Greens MP Adam Bandt has applauded the government's commitment to streamlining the way customers switch banks, but believes that a full account number portability system is still necessary to improve competition, despite enormous projected costs.
"I'm pleased the government has endorsed the central principle behind my account portability Bill. Having direct debits follow account holders when they switch banks is a win for consumers and businesses," Bandt said yesterday.
"The next stop is full account portability," he added.
Bandt's comments were triggered by a new report into bank account portability, compiled by former Reserve Bank governor Bernie Fraser and released this week. The report said that full account number portability was a "giant gold sledgehammer" to crack a "tiny nut" in the Australian banking sector with a cost that would outweigh the benefit.
Fraser said that developing a fully portable account number would require the abolition of the BSB system, the development of a unique account numbering system for all Australians, and the establishment of a central account registry to monitor all transactions and account movements.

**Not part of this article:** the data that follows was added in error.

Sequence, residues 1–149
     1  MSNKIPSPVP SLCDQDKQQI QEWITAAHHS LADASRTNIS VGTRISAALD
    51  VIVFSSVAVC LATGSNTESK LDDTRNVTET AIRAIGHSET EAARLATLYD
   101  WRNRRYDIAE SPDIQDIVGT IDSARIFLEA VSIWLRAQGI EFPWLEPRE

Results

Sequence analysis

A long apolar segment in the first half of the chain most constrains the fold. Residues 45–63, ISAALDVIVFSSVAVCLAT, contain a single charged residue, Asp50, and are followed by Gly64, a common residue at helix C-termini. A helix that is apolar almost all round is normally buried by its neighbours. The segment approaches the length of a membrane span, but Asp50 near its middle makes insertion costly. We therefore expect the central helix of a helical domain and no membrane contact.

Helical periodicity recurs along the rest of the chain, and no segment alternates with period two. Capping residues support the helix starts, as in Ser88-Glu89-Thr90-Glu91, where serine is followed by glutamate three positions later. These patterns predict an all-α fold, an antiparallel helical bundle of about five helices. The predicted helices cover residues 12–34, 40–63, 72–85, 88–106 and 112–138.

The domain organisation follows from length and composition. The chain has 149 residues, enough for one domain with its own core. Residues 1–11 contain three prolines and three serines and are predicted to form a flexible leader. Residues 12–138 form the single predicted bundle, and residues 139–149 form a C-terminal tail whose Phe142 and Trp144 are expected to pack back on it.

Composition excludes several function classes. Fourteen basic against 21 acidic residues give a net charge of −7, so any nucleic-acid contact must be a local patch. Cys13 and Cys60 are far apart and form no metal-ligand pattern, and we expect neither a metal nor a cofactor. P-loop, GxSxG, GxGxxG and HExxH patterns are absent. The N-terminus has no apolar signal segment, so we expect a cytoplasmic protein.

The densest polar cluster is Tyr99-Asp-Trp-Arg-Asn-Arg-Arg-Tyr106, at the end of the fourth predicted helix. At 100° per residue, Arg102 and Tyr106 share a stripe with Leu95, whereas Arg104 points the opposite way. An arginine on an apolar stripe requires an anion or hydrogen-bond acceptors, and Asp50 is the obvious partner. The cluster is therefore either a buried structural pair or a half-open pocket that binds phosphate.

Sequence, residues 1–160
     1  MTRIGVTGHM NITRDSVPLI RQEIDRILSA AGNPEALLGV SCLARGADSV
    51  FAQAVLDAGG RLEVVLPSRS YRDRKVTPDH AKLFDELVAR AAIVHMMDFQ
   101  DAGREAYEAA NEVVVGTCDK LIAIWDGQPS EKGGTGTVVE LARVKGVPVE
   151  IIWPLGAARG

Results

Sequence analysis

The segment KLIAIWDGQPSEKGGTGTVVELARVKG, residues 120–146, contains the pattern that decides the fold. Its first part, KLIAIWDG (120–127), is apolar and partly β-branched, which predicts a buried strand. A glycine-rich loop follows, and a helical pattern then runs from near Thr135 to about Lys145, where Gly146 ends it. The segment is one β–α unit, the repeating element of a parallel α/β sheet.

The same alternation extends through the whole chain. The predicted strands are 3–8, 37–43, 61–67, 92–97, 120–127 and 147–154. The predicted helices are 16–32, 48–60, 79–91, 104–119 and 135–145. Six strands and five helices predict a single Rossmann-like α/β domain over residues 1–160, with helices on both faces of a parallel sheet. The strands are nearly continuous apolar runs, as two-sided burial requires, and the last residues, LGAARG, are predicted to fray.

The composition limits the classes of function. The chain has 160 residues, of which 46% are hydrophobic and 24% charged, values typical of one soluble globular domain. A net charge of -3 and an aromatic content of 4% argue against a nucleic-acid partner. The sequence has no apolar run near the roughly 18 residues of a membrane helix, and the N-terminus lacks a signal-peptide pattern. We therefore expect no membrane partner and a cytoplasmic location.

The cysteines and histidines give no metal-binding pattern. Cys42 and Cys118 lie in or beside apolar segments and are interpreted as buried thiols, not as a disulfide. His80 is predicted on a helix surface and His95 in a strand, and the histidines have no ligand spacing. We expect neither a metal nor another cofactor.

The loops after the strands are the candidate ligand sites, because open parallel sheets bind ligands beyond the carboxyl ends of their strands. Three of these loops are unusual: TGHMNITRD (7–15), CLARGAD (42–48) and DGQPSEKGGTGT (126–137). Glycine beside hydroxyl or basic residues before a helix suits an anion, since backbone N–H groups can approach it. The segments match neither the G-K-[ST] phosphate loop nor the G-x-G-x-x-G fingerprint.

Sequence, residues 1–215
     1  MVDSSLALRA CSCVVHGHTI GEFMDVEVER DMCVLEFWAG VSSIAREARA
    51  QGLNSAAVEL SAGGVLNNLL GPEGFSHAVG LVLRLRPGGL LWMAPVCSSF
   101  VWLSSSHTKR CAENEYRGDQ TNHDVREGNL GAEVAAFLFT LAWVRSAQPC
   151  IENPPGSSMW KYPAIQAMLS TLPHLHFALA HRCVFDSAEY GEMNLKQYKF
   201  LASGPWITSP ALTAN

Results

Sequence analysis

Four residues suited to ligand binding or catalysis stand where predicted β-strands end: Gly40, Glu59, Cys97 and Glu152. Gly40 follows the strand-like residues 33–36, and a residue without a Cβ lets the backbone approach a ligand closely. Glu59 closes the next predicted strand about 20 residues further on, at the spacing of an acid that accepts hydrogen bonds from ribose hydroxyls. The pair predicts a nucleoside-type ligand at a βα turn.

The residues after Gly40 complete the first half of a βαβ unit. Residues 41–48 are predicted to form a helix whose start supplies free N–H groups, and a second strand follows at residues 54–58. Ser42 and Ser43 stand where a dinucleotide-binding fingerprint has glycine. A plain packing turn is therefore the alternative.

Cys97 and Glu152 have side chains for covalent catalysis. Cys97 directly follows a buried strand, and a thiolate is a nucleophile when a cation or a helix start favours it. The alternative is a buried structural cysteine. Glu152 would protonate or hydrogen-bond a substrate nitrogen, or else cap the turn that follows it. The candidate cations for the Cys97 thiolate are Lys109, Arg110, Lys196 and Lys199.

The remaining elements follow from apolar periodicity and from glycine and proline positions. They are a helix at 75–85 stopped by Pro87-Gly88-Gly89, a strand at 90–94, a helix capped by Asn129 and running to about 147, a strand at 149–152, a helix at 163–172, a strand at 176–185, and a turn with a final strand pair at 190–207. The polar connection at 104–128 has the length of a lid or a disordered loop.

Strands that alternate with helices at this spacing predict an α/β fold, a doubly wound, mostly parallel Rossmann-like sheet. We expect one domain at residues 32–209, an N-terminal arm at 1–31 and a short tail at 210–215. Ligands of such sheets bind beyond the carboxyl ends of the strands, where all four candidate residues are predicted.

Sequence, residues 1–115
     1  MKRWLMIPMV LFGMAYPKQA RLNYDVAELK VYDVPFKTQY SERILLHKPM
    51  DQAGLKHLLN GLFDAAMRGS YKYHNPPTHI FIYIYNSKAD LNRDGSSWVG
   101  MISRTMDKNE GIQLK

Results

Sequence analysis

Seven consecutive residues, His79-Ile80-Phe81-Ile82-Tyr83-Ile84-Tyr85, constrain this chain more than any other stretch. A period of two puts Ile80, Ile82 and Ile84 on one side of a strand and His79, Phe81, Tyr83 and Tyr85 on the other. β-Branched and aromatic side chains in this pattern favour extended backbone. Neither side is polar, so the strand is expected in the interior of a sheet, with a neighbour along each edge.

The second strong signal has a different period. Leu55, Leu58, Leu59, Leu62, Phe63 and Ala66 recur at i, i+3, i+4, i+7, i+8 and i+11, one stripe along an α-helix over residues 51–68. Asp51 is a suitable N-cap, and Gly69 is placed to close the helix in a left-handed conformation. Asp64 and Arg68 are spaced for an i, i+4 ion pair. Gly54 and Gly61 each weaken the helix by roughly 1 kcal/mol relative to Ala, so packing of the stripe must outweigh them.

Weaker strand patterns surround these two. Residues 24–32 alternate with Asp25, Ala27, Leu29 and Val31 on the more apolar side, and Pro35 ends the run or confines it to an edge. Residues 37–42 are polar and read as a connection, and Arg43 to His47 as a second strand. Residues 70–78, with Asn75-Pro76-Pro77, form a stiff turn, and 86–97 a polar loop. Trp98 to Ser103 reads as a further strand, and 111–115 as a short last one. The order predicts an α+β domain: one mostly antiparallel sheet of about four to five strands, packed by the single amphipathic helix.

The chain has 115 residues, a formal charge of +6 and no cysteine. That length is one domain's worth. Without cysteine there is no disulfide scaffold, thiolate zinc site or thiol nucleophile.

As such, Fraser recommended a solution developed by the Australian Payments and Clearing Association (ACPA) where a customer will only have to sign a single form — either in a branch or online — to allow a new institution to import all existing direct debits and future transactions. The system has a proposed cost of roughly $250,000 and an estimated build time of six months, as opposed to the projected costs of full account number portability, estimated at several million dollars.
Treasurer Wayne Swan accepted the plan on Sunday and pledged to work towards a go-live date of 1 July 2012.
The Greens told ZDNet Australia yesterday that while they were happy with the government's initial commitment to easier bank switching, full account number portability is the next logical step. It would take time and cost money, the Greens said, but a fully portable account number would ultimately improve competition in the banking industry.
The banking industry, however, disagrees with the Greens and has for some time now, with both Westpac and the National Australia Bank expressing their distaste for the idea.
Westpac's Bob McKinnon said recently that the cost of developing such a plan would be horrific.
Bandt's Bill to encourage account switching was submitted to parliament on Monday despite Fraser's report issued the day before. The Bill will be debated at a later sitting with a particular emphasis on encouraging competition and promoting easy switching, not just in bank accounts, but also in mortgages and deposit accounts.